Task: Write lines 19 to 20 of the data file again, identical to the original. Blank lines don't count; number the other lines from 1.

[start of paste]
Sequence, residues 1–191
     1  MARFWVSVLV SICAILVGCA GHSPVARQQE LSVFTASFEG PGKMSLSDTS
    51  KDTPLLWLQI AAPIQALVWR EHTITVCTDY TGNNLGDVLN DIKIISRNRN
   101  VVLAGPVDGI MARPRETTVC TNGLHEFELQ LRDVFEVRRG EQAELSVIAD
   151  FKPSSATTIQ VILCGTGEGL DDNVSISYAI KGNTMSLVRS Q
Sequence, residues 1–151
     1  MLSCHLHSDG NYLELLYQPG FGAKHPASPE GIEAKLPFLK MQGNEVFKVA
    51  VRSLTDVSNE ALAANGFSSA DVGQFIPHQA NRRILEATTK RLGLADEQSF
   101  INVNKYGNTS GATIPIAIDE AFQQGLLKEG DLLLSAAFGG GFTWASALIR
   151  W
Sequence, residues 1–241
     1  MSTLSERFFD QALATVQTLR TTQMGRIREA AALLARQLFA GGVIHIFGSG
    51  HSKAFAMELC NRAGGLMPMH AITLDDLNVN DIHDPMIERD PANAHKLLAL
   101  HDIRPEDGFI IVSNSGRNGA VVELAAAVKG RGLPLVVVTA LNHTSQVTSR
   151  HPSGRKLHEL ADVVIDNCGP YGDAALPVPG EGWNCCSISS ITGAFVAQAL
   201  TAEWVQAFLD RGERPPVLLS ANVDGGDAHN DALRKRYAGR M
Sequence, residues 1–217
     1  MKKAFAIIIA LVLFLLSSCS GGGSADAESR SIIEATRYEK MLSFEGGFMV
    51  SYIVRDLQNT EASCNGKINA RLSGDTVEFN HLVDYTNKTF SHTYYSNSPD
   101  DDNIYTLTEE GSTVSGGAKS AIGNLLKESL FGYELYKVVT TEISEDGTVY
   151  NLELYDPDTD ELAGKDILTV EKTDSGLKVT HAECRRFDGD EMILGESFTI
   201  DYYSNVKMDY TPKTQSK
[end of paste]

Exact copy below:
    51  SYIVRDLQNT EASCNGKINA RLSGDTVEFN HLVDYTNKTF SHTYYSNSPD
   101  DDNIYTLTEE GSTVSGGAKS AIGNLLKESL FGYELYKVVT TEISEDGTVY